TORONTO (5/23/13)--Like credit unions in the U.S., Canadian credit unions continue to outperform banks in serving the financial needs of small and medium-sized enterprises, according to a Canadian Federation of Independent Business (CFIB) research report.
"Banks need to pay close attention to the report's findings if they are serious about serving the small business market," said CFIB Vice President of Research Doug Bruce. "Overall, credit unions do the best job of serving entrepreneurs, while Scotiabank and BMO are tied in receiving the highest overall scores among the big banks. CIBC is the worst big bank for small business--that's the same as it was in 2010, when we issued our previous banking report."
The report, CFIB's Battle of the Banks, provides bank scores based on nearly 13,000 survey responses from small business owners on four key issues: Financing, fees, experience with account managers and service.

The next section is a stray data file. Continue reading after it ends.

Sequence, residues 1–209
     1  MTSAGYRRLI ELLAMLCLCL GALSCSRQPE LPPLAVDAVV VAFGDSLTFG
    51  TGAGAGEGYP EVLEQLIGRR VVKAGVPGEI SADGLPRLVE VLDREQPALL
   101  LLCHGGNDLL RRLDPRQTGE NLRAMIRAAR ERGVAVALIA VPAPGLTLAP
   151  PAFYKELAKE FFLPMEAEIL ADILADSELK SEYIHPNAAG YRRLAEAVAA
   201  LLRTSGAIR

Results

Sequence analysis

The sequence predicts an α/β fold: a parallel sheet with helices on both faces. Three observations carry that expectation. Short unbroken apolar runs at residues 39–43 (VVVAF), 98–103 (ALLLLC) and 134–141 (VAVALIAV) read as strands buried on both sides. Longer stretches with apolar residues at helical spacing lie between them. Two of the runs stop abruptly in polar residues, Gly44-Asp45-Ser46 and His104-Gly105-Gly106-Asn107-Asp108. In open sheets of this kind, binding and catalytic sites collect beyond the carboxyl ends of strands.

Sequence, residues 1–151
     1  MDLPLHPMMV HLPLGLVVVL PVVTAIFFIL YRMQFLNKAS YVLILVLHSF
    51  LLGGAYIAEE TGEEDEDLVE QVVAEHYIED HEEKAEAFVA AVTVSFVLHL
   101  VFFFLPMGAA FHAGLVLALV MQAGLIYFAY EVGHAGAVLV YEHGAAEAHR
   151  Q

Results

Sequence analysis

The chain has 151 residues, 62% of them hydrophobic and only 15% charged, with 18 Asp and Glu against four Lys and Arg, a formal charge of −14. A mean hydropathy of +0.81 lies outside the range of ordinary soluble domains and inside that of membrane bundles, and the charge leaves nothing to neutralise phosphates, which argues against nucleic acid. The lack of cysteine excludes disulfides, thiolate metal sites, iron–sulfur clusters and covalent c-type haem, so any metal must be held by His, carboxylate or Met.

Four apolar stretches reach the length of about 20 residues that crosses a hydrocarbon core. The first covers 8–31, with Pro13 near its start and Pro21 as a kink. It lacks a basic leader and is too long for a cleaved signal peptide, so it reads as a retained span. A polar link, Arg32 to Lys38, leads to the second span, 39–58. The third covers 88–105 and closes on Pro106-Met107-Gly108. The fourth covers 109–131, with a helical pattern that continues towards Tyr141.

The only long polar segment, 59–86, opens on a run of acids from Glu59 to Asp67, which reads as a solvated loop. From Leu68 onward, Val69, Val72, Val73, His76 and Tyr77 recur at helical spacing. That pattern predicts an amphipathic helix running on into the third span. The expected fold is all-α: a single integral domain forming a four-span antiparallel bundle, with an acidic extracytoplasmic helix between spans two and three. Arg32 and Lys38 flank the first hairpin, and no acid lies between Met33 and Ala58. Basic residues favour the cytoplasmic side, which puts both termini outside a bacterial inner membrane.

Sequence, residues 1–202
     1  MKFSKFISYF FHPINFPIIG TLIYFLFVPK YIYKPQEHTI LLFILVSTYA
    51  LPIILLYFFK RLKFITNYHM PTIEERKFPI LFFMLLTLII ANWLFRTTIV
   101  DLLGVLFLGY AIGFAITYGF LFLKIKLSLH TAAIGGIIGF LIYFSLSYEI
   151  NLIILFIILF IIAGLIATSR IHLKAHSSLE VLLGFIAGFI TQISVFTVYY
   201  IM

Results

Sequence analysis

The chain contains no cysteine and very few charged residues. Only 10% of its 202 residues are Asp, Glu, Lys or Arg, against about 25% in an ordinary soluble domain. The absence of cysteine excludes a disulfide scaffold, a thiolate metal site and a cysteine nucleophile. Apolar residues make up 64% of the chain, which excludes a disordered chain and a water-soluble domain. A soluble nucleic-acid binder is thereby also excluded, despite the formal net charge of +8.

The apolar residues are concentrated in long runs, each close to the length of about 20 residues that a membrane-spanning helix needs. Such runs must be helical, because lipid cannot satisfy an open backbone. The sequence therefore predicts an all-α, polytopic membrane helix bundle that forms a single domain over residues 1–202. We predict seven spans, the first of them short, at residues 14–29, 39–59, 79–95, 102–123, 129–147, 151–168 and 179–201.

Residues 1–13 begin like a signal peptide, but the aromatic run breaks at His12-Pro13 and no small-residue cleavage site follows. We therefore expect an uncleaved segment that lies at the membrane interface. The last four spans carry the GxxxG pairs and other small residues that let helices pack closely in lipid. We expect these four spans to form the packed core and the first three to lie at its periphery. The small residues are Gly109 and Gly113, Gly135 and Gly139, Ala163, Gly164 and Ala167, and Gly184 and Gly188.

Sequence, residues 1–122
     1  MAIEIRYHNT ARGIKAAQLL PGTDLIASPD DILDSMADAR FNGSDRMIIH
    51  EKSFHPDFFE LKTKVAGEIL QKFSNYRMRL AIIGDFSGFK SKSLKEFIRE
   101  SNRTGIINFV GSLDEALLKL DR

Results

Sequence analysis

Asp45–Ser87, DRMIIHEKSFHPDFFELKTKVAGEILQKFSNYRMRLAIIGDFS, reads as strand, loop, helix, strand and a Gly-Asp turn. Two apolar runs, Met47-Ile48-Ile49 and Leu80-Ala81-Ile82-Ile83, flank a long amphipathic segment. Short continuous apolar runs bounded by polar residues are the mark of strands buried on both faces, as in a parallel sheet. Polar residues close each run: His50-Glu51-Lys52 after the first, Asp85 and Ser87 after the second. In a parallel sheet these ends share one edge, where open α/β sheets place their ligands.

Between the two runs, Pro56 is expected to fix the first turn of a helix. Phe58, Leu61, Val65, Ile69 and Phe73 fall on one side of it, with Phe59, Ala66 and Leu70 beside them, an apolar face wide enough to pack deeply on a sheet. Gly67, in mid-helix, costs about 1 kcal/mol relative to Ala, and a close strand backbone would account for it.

Battle of the Banks shows a trend: The smaller the business, the lower the overall bank score. Compared with larger businesses, smaller firms have a tougher time getting the financing they need from their bank, the report indicates.
"Access to affordable financing and banking services is essential for hard-working entrepreneurs, and it's clear that all of the banks should do more to serve small-business clients," said CFIB President/CEO Dan Kelly.
CFIB is Canada's largest association of small and medium-sized businesses with 109,000 members nationwide.
In the U.S., credit unions continued to lend to small businesses in aftermath of the financial crisis, while banks largely withdrew from lending and stayed on the sidelines, News Now has noted. The Credit Union National Association is urging Congress to raise a cap on credit unions' member business lending to 27.5% of total assets from 12.25%. This would open up more opportunities for credit unions wanting to serve small businesses. Raising the cap would inject $13 billion in loans into the U.S. market and help create 140,000 jobs, CUNA said.